Fire Department

from National Fire Prevention Association & Clark County Fire Department

During this time of year people should take specific steps to reduce the likelihood of a fire in their home. Due to extra decorations, use of various heating sources, and entertaining we experience different kinds of fire and safety dangers of which residents need to be aware.

Home Heating
  • Portable Electric Heaters
  • Wood Stoves
  • Fireplaces with Inserts
  • Portable Kerosene Heaters
  • Room Gas Heaters
To reduce the chances of a fire, turn on central heating using the thermostat while you can observe the unit working for a period of time. Waiting for it to come on in the middle of the night while everyone is asleep can be dangerous if the unit malfunctions.

Common Causes of Home Heating Fires

  • lack of regular cleaning leading to creosote build-up in wood-burning devices, chimneys and connectors
  • placing space heaters too close to combustibles
  • flaws in the construction or design of wood burning heating equipment
  • fueling errors involving liquid or gas-fueled heating equipment

Wood Burning Devices

Two of every three home heating fires in the U.S. in 1999, and five of every six related deaths, were attributed to space heating equipment. Follow these steps for safety when using wood burning devices:
  • Have the chimney checked by a specialist each year
  • Clear the area around the hearth of debris, decorations, etc. Never use flammable liquids to start a fire
  • Never burn cardboard, trash, decorations, etc., in a fireplace or a wood stove
  • Use wood only in fireplaces or stoves approved for wood
  • Never use wood in a fireplace made for a gas
  • Keep air inlets open; never restrict air supply to fire places
  • Keep glass doors or curtains closed while a fire burns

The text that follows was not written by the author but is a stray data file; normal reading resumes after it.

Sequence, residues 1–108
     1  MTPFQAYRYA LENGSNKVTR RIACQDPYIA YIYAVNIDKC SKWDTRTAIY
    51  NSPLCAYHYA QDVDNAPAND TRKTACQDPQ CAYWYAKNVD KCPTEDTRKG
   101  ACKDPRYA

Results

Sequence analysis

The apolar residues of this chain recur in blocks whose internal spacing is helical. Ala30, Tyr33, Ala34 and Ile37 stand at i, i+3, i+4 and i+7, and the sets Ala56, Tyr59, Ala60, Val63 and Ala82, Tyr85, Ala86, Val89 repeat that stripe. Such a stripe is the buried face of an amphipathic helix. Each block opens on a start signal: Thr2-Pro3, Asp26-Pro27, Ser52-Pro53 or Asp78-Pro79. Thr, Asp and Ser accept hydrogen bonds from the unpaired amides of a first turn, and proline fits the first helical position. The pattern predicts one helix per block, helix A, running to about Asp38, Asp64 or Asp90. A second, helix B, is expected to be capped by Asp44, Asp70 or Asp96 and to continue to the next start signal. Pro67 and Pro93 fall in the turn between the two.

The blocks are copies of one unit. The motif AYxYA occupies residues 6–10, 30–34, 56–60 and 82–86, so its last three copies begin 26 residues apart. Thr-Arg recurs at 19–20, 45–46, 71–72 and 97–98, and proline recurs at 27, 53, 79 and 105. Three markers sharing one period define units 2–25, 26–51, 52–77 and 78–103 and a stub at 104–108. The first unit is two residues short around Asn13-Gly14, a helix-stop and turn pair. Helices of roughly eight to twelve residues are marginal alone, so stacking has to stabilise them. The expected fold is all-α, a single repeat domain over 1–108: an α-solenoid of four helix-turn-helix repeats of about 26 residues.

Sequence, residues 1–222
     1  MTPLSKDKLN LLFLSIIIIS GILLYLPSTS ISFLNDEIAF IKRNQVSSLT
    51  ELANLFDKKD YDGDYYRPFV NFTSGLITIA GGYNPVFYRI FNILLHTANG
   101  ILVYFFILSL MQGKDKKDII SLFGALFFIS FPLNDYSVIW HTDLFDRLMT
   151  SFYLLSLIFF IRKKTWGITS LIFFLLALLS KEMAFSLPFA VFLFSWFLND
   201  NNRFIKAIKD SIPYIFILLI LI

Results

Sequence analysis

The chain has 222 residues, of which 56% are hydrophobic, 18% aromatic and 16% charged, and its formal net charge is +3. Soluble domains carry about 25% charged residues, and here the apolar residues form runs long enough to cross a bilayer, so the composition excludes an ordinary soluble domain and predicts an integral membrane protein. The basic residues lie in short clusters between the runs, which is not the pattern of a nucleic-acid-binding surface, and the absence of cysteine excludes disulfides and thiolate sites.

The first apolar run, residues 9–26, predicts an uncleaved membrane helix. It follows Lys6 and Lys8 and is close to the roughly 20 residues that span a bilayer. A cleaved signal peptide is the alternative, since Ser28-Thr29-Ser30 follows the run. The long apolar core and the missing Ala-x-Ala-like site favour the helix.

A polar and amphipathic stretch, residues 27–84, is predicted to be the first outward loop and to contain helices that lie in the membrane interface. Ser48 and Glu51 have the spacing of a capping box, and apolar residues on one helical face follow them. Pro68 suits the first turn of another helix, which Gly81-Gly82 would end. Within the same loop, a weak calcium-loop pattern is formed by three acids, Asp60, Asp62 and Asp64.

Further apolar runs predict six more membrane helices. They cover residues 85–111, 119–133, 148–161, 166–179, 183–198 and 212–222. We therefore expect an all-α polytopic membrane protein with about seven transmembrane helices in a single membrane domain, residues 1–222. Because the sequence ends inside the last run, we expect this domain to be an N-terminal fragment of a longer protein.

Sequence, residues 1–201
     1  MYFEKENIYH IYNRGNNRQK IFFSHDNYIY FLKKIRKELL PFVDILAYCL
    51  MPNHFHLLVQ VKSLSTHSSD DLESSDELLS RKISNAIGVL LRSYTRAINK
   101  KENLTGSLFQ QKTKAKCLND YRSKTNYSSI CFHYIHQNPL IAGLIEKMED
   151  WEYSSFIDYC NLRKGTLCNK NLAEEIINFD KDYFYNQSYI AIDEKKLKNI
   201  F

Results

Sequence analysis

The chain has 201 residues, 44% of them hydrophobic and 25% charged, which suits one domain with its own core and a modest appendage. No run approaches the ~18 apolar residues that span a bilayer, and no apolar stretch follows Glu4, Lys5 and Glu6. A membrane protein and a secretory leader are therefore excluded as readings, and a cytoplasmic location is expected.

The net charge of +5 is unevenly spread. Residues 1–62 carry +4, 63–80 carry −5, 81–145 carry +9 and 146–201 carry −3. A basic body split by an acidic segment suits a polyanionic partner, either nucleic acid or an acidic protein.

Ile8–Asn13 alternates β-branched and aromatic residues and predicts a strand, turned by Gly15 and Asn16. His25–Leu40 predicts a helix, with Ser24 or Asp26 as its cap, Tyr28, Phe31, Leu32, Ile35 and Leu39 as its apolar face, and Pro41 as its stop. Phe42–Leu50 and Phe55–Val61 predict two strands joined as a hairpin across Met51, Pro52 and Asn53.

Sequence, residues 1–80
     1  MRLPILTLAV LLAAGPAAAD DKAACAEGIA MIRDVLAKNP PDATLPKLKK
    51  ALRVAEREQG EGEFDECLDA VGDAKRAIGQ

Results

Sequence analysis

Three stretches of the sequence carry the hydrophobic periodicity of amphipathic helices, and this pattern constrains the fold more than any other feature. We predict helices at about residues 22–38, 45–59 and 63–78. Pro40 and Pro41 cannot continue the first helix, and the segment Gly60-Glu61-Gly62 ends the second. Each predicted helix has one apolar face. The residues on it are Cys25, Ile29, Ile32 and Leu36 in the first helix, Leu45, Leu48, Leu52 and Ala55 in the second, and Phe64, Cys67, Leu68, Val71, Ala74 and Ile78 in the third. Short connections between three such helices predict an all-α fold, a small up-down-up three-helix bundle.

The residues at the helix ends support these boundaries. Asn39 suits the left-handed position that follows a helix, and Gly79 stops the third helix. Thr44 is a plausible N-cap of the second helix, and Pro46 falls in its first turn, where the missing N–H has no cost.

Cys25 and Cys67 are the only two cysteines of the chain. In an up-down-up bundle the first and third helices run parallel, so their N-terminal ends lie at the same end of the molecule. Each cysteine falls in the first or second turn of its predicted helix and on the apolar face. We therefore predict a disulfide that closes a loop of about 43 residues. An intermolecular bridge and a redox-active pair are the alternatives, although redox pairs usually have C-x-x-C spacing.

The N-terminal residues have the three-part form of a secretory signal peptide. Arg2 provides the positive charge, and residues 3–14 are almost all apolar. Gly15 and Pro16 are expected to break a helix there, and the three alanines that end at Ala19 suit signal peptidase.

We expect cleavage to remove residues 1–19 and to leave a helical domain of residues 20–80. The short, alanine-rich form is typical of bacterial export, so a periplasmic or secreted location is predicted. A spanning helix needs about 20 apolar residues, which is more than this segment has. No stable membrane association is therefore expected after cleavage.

• Soak hot ashes in water and dispose of them in a metal container outside the home
  • Use fire-resistant materials on walls around wood stoves
  • Put out the fire when going to bed or leaving home

Portable Electric (“Space”) Heaters

  • Place space heaters at least 3 feet away from combustibles, i.e. furniture, decorations, etc. and never put one in a room where someone sleeps
  • Plug a space heater directly into an outlet; never use an extension cord



Candle Safety

Nationally, there are many more home fires caused by candles than Christmas trees.

Candle fires occur twice as often in December as any other month.

  • Extinguish all candles before leaving home or going to bed
  • Use candle holders that are sturdy, won’t tip over easily, are made from material that can’t burn, and are large enough to collect dripping wax
  • Place candle holders on a sturdy, uncluttered surface
  • Keep candles away from decorations and other combustible materials
  • Locate candles away from window blinds and curtains
  • Keep candles out of reach of children and pets
  • Never leave a child unattended in a room with a candle nor allow a child to sleep in a room with a lit candle
  • Do not allow teens or children to have candles in their bedrooms
  • Do not carry a lit candle if, at all, possible
  • Do not use a lit candle when searching for items in a confined space
  • Never use a candle for a light when checking pilot lights or fueling kerosene heaters or lanterns

Return to Home